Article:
Food Talk
Lambís tales

Whether a starter kebab or the main dish, the raan is in a class by itself, writes Pushpesh Pant

Princely raan

Kid/lamb whole leg 1 kg
Ghee 100 gm
Curd 75 ml
Onions 100 gm
Red chillies 10 gm
Coriander powder 10 gm
Cumin seeds powder 5 gm
Peppercorns 10 gm

10 gm
Ginger powder dried 30 gm
Papaya (raw and dried) 30 gm
Cinnamon 2inch piece (broken)
Cloves 12

Clean the meat well removing all fat: tendons and membranes. Prick the leg thoroughly and deep down to the bone. Make a few cuts and stuff them with cinnamon and cloves.

Slice the onions finely and fry them in ghee till golden brown and then ground to a paste. Mix the ingredients except the onion paste and rub gently all over the leg ensuring that the marinate seeps in. Marinate the raan for 5-6 hours.

Heat the ghee in a wide pan, place the leg in it with the marinade, cover and cook in medium-low heat till tender. The leg will have to be turned from time to time and basted with small spoonfuls of ghee. You may, if you like, bake the raan in a moderate oven (300 to 350 F). Serve the raan with piyaaz ka laccha and pudiney ki chutney.

Love, as the old song has it, is a many splendoured thing. So, we daresay, is the leg of lamb. It comes donning many garbs assuming dozens of alluring names.

At times, it appears as Raan Sikandari commemorating the great Greek, while at other times it pays tributes to the Grand Mughal and becomes Akbari Raan. In Awadh, it is pot-roasted and served intact, yes, as a delectable musallam draped in a rich nutty paste.

Raan Bukhara is in a class by itself and has contributed as much to the legendary restaurantís reputation as the daal synonymous with the eatery. Gourmet and glutton alike have tried in vain to solve the mystery as to what imparts such succulence to this delectable roast from the tandoor?

Chefs insist that nothing as vulgar as vinegar is allowed to enter the "regal baths". The peerless tenderising is accomplished by papaya lovingly massaging the body beautiful of its beloved rendering it a tempting dish fit enough to be devoured as much with the eyes as tasted with the tongue.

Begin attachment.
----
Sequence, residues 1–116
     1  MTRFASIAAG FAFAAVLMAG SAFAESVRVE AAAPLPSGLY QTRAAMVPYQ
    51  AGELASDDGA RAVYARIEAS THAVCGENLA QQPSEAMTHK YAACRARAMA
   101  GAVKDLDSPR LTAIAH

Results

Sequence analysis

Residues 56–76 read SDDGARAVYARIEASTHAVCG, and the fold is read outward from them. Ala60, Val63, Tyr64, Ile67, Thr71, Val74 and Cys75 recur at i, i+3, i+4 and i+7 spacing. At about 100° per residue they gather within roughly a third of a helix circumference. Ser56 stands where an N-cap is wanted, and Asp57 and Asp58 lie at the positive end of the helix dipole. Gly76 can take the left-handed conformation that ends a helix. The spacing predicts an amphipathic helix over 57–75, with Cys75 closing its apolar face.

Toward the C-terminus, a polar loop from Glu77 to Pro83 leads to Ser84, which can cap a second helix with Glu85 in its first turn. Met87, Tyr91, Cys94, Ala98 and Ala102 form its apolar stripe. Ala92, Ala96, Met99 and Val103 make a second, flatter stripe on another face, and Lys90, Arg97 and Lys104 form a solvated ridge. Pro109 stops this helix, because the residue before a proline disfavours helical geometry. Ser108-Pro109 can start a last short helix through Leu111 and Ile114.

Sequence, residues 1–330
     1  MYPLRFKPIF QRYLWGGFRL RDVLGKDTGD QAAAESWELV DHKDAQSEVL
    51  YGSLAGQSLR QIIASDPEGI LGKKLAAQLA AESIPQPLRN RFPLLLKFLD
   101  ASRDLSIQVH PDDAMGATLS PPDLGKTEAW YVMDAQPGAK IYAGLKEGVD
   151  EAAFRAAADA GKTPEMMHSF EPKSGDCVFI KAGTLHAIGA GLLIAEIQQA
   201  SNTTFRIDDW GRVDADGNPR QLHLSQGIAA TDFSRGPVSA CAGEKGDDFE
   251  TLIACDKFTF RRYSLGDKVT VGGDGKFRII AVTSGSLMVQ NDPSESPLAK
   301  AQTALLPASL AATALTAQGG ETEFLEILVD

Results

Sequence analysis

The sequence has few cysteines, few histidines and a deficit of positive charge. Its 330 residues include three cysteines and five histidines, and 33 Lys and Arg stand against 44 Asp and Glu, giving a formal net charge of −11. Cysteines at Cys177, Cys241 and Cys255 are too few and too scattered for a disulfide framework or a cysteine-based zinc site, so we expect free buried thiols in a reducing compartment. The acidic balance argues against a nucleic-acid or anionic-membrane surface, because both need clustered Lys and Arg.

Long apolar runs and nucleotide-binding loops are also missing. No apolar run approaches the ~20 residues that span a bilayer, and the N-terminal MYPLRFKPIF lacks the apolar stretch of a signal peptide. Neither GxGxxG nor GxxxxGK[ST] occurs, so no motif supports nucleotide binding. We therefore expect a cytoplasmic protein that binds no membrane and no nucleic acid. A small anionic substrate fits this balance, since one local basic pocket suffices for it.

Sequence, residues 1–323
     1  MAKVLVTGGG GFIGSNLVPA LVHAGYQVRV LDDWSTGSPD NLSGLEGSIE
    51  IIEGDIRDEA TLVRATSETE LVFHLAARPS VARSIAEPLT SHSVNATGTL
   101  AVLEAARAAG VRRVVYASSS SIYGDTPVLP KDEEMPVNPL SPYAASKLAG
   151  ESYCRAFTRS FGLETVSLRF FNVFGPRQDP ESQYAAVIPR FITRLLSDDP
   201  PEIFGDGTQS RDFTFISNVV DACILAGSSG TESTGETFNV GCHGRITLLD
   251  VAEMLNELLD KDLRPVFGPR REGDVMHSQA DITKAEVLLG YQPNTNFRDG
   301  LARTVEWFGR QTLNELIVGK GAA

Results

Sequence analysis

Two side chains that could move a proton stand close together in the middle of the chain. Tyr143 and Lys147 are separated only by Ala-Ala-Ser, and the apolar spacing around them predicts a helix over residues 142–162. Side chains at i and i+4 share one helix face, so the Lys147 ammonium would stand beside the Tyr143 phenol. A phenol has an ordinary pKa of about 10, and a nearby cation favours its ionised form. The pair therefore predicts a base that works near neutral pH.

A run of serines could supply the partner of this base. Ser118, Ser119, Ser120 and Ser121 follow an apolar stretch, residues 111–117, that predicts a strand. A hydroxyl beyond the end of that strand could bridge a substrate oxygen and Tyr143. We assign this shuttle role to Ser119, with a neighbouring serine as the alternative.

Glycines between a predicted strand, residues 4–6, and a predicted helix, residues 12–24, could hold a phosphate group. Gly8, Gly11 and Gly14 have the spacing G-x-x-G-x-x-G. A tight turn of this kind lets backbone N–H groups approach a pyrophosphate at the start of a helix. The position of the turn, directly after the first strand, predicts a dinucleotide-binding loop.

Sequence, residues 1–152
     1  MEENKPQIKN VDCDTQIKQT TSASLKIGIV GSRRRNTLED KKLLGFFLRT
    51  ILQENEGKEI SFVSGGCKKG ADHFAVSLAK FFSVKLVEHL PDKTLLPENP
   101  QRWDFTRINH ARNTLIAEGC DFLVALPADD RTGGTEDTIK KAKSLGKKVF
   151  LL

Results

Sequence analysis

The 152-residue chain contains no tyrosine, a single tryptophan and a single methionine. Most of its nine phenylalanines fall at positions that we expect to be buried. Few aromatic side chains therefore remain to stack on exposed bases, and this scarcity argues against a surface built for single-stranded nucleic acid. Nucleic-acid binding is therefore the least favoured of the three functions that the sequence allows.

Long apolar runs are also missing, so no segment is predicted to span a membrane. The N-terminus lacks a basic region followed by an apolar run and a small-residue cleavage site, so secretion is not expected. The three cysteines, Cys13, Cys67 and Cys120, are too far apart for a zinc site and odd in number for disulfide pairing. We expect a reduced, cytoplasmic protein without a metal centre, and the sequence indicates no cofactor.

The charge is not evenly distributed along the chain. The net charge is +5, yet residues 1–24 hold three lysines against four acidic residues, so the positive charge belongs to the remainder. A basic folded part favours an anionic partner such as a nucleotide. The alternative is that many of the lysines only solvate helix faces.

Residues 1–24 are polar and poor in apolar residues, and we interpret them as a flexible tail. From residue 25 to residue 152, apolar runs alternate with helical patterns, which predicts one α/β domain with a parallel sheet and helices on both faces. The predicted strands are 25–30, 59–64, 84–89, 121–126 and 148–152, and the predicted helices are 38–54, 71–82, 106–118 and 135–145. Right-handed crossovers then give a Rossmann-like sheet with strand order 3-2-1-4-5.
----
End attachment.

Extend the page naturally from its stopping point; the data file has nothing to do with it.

The best raans that we have savoured are those brought after Eid by our friend Wahid Miyan from Gorakhpur ó aromatic, subtly spiced and none the worse for the overnight train journey. Even when the stomach is protesting, the palate keeps asking for more. A well-made raan is enough to convince anyone that purest and healthiest white flesh fish or fowl cannot compare with this shade of red. Take our advice ó donít keep drooling and deny yourself this blissful bite just make it small.

The raan can be served as a starter kebab shared by a dozen guests or it can be the celebratory main course, piece de resistance, the jewel in the crown of any festive dastarkhwan. It can also make a sumptuous no-hassles meal for many supplemented with just a daal and green salad.

You can dig into the hunk of red meat a la barbarian, tearing and chewing loudly without any inhibitions recalling the impromptu barbeques after a prehistoric hunt or wield the knives and forks elegantly enjoying each morsel at a formal sit down. The raan, indeed, is a prince that retains its common touch.

The raan may look intimidating to the novice cook but, in fact, is one of the easier delicacies to master. The preparation time is long but the actual cooking is not long or tedious, nor does it require constant monitoring that the sublime gravies demand. What is more, the leftovers can provide an exotic filing for sandwiches and wraps.